Surprise: Likud drew more Israeli Arab votes than ever
Apr 1, 2021 | Ahron Shapiro
One of the remarkable stories of the March 23 Israeli election is the Likud achieving a historically high percentage of Arab votes. According to voting data publicly available online (in Hebrew), in one Arab city, the Likud soared close to 10x higher than in past elections. In one smaller Arab village, it skyrocketed by well over one thousand percent. In most areas, Arab vote for the Likud at least doubled compared to the last election, held just a year ago.
in the Negev Bedouin village of Al-Sayyid, the Likud vote increased from 21 votes representing 2.39% of the vote in the last election to 279 votes, or 34.70% – an increase of 1,352% for the party. This makes it the second largest party in the village, dwarfing the Joint List, which received 75 votes, or 9.33%. Only the Arab Ra’am party got more.
The Likud performed exceptionally well among Negev Bedouin, in cities like Rahat, where the Likud increased its vote percentage by 896% (From 0.61% to 6.08%). Yet the party also did better in Arab locales all over the country, in places like the Galilean town of Abu Snan (from 3.15% to 11.38%), the city of Nazareth (from 1% to 3.91%), and the city of Umm El-Fahm in the Wadi Ara triangle (0.29% to 1.44%).
You can find more town-by-town detail about the Likud’s performance in the Arab community in a thread I posted on Twitter on March 26.
Trying to find a single Arab town or village anywhere in Israel where the Likud garnered fewer votes than in the last round was difficult – in fact, I gave up after sifting through data for close to 20 of them. My research took me back four elections for every town and village I looked into, and while the Likud had fluctuated somewhat in some villages from election to election, the Likud’s performance in the latest election was, in all cases, a historical zenith by a huge margin.
It’s true that Likud party leader Binyamin Netanyahu had made a special effort to attract Arab votes in this election, with billboards, community visits and campaign promises such as working towards direct flights from Israel to Mecca. Yet the party’s achievement remains counter-intuitive given that Arab turnout was down overall and the Likud had controversially signed a vote sharing pact with Bezalel Smotrich’s far-right Religious Zionist party ahead of the election.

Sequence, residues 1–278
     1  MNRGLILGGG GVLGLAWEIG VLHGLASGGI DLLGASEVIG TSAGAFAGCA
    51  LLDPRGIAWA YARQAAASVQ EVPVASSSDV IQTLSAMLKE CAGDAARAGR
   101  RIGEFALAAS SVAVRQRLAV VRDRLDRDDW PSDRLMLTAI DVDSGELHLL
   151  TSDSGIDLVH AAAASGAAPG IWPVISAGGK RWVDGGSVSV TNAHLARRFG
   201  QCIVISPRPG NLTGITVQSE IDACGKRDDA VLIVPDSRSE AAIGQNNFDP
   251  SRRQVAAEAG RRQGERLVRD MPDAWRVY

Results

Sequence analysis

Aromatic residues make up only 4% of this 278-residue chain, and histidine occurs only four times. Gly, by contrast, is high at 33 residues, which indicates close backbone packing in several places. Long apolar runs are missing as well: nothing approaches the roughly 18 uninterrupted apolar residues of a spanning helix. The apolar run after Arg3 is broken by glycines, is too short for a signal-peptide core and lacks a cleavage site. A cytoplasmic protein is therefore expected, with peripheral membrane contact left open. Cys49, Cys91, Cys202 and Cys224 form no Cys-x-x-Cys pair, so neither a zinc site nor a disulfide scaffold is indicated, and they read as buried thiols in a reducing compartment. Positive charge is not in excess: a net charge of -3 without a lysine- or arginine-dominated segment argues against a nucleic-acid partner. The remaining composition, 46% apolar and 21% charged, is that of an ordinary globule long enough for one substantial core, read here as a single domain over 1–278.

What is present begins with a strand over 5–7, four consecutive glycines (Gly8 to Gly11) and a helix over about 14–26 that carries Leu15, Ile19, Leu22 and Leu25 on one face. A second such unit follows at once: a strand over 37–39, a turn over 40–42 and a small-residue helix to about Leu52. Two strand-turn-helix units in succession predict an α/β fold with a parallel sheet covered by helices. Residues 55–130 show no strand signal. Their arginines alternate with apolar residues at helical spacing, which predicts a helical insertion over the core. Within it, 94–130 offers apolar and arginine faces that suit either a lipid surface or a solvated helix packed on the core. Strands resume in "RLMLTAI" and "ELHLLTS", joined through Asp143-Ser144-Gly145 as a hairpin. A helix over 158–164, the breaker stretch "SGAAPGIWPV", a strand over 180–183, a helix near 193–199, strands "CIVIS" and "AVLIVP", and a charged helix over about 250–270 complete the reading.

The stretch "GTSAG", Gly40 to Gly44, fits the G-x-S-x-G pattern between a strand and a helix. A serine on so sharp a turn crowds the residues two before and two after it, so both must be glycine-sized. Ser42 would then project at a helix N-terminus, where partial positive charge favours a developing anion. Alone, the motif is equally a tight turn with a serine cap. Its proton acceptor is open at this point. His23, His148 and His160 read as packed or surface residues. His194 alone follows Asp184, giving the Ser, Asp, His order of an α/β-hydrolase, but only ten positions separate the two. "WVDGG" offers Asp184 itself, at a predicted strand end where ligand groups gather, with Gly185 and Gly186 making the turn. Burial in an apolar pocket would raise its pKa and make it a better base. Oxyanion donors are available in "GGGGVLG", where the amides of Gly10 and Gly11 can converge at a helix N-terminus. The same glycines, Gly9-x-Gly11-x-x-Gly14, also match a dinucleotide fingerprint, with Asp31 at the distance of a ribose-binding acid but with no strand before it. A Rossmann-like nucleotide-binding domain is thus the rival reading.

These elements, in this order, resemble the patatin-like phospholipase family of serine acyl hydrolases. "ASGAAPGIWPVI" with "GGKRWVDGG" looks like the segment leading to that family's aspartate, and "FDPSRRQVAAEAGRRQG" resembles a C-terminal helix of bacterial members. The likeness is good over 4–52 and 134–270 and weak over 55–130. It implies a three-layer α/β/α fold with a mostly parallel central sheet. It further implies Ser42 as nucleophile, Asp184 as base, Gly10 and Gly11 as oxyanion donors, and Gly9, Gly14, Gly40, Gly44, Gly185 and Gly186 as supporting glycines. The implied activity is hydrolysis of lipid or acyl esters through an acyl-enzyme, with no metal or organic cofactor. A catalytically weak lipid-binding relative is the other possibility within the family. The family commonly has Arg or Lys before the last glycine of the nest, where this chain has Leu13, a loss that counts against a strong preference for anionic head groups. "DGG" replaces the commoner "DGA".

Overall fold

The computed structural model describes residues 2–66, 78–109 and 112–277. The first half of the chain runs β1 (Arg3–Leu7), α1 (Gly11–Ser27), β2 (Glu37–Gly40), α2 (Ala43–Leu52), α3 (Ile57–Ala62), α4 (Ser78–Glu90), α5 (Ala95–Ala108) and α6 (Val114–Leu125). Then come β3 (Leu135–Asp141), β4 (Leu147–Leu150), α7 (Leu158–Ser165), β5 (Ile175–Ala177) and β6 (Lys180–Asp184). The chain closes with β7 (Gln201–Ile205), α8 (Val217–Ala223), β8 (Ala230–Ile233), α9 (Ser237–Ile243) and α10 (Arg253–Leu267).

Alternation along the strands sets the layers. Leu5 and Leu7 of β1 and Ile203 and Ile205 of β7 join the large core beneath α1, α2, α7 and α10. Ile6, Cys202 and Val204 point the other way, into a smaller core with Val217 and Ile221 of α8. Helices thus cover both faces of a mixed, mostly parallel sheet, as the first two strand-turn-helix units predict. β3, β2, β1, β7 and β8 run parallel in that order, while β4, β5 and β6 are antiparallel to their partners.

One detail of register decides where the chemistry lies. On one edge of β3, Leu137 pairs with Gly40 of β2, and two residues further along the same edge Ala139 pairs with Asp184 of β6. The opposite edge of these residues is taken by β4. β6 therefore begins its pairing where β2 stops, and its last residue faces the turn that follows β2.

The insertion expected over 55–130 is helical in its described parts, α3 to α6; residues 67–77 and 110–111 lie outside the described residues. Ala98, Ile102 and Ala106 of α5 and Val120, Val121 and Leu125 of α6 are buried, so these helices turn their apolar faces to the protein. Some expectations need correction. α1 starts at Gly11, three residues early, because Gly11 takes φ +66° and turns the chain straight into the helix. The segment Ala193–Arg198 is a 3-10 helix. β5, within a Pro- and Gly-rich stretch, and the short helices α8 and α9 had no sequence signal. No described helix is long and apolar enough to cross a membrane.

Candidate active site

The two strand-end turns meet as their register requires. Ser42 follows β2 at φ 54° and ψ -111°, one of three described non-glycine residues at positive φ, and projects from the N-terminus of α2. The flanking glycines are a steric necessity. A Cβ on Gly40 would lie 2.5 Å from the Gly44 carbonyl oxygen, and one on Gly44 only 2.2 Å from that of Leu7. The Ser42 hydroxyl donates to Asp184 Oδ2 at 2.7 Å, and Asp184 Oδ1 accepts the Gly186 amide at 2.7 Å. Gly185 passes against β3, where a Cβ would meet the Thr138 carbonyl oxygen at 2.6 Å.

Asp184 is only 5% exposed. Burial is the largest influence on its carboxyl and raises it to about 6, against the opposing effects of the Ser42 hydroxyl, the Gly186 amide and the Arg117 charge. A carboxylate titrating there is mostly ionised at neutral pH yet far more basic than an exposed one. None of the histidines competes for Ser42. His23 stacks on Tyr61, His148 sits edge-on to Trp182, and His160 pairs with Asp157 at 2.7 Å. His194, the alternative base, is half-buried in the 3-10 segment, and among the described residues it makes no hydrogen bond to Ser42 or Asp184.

Polling and anecdotal evidence before the election had shown Israeli Arabs increasingly want to vote for parties with influence – regardless of where they stand politically – as Ha’aretz journalist Jack Khoury reported back in February (registration required).
Ibrahim al-Sayyid, from the Negev village of Al-Sayyid, vows that Likud will get several hundred votes in the next election. “I’ve been active in several parties in the past, including the United Arab List, Meretz and the Labor Party,” Sayyid said. “Now I’ve turned to the right. People are sick of parties with little or no influence so they’re going to try the parties in power, such as Likud.”
Actually – in his vicinity alone, Al-Sayyid claims to have has recruited thousands of people prepared to vote Likud on March 23. Asked about ideological issues such as the so-called nation-state law, which many Israeli Arabs view as reducing them to second-class citizens, or practical matters such as Israel demolishing homes in unrecognized Bedouin communities in the south, he remains adamant. Asked if voting left-wing might not be preferable: “On the contrary,” he said. “Maybe now with our support, we can gain influence from the inside. It’s clear that Likud will be in the government, so what’s better? Being in the game or on the outside? We want to have influence.”
Shortly after Khoury’s article was published, the Moshe Dayan Center for Middle Eastern and African Studies published a survey of the Israeli Arab community that predicted the Likud’s electoral improvement and also showed nearly half of the Arab voters (46%) supporting the participation of an Arab party in any government that forms after the elections, presumably including one led by Likud.
Has the Likud’s success marked some sort of major shift in attitudes among the Israeli Arab community towards Zionist parties? The results from this election alone does not provide enough data to reach that conclusion. To be clear, with few exceptions, the Likud’s performance in Arab localities trailed either the Arab-dominated Joint List or Ra’am parties by a huge margin. In a majority of Arab locales, the Likud was unable to draw more than a token number of votes – sometimes less than one or two percent, even after the improvement.
Yet there is no disputing that the Likud’s performance was competitive with other Zionist parties in most Arab cities, matching or exceeding the vote totals for parties like Meretz, Labor, Blue and White and Yesh Atid, not only in this election but in the three prior elections as well.
As such, it’s a development that challenges assumptions of the kind of parties Israeli Arabs are prepared to vote for, and why. It’s one more sign of a larger ongoing story about the changing relationship of Israel’s Arab minority with Israeli society as a whole.
Photo credit: Likud’s Facebook page